immersing the surface in a high pH extraction bath having a predetermined temperature and for a predetermined time, said high pH extraction bath comprising: about 0.5 weight percent to about 8 weight percent of a surfactant; about 0.4 weight percent to about 9 weight percent of a hydrocarbon emulsifier; about 0.1 weight percent to about 20 weight percent of a chelating agent for holding solubilized metal ions and particulates in suspension; about 0.5 weight percent to about 12 weight percent of a degreasing agent for removing hydrocarbons from the contaminated surface; about 0.3 weight percent to about 8 weight percent of a wetting agent; and about 0.3 weight percent to about 8 weight percent of a hydrotropic agent.
Description

This application is a continuation-in-part of U.S. Ser. No. 08/711,397, filed Sep. 6, 1996 now U.S. Pat. No. 5,728,660, which is a continuation of application Ser. No. 08/222,469, filed Apr. 4, 1994, now abandoned, which is a continuation-in-part of application Ser. No. 08/043,435, filed Apr. 5, 1993, now U.S. Pat. No. 5,421,906.

FIELD OF THE INVENTION

The invention is of a cleaning process and cleaning compositions effective for the extraction of contaminants including radionuclides, herbicides, pesticides, polychlorinated biphenyls (PCBs), and heavy metals from interior and exterior surfaces, including the underlying substrate of such surfaces, and is most effective in cleaning difficult to clean surfaces such as porous surfaces, and irregular surfaces into which the contaminants may migrate and lodge, and surfaces of particulates. Cleaning is effected to such a depth below the surface and into the substrate and to such an extent that the cleaned surfaces do not pose an environmental or health hazard and meet current regulations promulgated by the Environmental Protection Agency (EPA) and Nuclear Regulatory Agency (NRC) relating to standards for decontamination.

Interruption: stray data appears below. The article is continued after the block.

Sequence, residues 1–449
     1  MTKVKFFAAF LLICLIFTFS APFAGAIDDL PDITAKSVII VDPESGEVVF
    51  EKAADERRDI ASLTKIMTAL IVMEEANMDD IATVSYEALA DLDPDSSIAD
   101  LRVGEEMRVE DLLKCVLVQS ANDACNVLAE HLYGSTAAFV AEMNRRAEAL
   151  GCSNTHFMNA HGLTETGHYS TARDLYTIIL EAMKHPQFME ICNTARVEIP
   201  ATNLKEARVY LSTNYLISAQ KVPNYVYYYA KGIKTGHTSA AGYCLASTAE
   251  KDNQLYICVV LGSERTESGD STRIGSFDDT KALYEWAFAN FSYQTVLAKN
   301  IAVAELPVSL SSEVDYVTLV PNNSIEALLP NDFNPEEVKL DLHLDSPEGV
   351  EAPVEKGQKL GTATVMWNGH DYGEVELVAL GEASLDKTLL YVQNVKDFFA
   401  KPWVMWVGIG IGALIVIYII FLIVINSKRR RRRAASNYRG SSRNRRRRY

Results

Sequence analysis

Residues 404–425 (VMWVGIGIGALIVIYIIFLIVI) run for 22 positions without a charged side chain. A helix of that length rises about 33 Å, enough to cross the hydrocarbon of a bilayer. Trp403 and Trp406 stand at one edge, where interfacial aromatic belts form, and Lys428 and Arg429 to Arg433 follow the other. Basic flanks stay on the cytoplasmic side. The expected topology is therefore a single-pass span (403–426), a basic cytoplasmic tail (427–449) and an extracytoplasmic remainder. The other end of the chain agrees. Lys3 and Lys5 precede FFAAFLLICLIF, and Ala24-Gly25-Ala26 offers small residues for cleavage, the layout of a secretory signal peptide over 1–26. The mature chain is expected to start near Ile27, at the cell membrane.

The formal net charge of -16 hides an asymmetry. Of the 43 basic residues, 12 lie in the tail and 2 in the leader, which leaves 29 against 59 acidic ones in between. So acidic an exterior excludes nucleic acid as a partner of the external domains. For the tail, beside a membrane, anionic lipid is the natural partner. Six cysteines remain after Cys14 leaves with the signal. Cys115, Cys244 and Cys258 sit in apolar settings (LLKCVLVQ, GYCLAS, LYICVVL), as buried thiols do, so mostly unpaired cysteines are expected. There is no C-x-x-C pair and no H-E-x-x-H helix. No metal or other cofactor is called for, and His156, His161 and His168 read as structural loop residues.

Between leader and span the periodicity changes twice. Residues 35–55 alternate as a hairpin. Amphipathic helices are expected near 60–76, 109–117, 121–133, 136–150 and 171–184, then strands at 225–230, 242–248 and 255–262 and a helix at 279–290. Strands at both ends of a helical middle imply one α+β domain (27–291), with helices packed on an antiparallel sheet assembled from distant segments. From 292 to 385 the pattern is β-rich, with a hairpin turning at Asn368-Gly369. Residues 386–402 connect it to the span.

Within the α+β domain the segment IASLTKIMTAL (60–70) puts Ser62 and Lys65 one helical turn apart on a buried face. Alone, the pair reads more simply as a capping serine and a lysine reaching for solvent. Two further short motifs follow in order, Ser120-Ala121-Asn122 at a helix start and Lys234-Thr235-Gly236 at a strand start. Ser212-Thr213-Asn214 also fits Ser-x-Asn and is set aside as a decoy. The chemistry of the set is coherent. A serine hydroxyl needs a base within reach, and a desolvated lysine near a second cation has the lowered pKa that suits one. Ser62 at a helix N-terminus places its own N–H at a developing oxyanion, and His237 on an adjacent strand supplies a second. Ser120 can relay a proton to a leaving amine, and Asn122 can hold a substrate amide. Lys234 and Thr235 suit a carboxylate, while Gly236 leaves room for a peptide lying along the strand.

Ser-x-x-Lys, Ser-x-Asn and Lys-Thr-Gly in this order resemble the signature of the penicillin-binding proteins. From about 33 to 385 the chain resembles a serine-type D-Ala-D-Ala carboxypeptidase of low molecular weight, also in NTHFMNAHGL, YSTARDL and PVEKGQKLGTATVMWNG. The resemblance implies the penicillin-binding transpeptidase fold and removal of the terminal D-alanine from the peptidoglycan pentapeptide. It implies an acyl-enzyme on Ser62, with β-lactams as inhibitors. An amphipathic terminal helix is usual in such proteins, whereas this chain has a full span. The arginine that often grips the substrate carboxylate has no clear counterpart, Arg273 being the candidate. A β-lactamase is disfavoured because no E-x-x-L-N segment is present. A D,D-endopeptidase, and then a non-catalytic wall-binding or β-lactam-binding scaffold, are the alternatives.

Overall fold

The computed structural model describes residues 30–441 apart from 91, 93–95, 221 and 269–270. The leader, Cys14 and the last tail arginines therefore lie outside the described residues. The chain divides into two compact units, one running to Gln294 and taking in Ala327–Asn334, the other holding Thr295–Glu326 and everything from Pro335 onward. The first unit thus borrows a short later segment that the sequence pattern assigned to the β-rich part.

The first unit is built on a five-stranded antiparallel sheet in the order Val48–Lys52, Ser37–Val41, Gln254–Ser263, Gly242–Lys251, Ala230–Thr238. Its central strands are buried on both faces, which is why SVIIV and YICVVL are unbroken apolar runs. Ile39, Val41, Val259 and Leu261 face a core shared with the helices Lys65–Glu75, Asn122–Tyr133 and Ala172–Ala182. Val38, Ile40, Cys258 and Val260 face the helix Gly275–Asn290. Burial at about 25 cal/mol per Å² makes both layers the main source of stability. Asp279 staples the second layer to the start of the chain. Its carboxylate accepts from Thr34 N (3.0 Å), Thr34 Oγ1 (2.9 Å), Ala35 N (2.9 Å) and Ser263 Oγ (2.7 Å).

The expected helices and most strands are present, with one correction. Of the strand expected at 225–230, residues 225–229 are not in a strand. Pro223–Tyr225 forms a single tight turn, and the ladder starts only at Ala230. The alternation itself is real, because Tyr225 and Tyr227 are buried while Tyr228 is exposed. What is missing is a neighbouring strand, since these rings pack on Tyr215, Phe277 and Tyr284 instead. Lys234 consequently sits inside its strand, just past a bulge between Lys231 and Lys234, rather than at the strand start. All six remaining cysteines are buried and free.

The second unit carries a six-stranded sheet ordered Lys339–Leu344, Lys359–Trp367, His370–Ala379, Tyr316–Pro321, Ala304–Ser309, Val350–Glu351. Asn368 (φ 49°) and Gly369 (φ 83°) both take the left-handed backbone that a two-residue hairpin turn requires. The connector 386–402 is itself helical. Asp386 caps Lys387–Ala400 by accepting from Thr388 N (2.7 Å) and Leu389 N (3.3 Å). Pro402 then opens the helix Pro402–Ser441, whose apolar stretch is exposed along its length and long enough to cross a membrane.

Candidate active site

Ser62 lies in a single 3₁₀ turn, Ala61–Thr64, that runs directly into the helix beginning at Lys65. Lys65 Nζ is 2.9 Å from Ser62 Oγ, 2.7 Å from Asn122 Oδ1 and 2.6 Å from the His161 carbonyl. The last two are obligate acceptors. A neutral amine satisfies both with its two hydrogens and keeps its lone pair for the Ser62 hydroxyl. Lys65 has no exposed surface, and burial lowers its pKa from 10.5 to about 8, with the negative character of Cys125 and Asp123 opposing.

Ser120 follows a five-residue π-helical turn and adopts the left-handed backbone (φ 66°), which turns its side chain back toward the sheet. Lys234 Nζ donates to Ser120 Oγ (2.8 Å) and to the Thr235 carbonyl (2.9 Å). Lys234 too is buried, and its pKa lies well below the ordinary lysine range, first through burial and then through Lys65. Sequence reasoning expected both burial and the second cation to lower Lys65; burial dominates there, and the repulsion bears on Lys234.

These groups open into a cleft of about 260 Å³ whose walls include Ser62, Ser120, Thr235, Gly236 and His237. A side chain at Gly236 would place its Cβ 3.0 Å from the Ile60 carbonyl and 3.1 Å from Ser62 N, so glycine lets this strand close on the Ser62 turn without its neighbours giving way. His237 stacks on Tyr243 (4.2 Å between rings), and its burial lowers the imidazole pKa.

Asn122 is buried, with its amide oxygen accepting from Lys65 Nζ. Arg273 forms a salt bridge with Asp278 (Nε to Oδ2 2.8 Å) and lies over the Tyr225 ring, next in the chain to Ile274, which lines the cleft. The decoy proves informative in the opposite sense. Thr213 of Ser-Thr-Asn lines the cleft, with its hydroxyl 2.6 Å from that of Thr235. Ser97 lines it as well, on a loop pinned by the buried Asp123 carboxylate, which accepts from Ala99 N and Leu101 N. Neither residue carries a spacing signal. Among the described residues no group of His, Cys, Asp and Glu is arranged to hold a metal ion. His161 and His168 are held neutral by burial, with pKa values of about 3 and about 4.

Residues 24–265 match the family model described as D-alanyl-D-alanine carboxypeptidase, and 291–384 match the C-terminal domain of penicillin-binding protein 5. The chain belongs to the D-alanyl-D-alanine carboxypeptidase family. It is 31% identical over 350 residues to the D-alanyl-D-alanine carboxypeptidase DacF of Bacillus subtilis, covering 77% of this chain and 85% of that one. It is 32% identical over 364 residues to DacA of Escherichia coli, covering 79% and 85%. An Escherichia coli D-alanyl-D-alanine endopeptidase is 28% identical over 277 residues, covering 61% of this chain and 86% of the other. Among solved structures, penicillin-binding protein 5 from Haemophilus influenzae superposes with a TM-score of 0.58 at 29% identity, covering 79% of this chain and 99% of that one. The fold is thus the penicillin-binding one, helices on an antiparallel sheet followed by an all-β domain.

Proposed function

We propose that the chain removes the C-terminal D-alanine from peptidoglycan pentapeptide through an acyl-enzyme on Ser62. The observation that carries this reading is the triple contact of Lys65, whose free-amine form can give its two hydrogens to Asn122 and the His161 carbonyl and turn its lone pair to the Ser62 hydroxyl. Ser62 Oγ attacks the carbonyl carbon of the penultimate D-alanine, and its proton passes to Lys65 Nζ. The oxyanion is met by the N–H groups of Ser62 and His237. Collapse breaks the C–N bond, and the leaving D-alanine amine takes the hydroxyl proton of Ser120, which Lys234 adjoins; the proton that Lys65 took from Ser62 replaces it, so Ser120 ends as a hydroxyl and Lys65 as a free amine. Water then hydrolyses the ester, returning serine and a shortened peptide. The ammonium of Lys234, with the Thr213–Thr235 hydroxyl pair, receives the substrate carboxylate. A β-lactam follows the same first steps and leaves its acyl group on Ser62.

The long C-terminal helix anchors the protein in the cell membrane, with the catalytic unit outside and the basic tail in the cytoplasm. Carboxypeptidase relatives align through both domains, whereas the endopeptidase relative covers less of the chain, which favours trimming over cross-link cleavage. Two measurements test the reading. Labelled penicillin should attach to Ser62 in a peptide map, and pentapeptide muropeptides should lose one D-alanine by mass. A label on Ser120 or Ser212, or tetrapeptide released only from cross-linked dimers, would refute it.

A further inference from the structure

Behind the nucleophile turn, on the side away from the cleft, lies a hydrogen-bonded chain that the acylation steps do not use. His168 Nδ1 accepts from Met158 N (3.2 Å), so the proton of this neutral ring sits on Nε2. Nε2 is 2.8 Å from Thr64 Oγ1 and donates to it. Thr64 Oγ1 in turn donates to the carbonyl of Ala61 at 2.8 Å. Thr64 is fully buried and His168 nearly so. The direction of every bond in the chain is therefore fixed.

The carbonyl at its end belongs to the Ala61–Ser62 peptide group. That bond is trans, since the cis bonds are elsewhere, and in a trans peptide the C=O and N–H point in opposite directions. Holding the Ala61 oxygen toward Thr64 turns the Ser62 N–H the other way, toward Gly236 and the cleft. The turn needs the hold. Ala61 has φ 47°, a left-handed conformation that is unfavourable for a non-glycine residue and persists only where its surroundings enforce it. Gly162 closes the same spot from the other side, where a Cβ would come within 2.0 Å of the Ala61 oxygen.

DESCRIPTION OF THE RELATED ART

With the growth of industry, a significant amount of hazardous waste products and products formerly regarded as useful but now recognized as hazardous have entered the environment. These hazardous materials are frequently present as contaminants on surfaces of equipment, installations of all kinds, civil works, soil, and the like.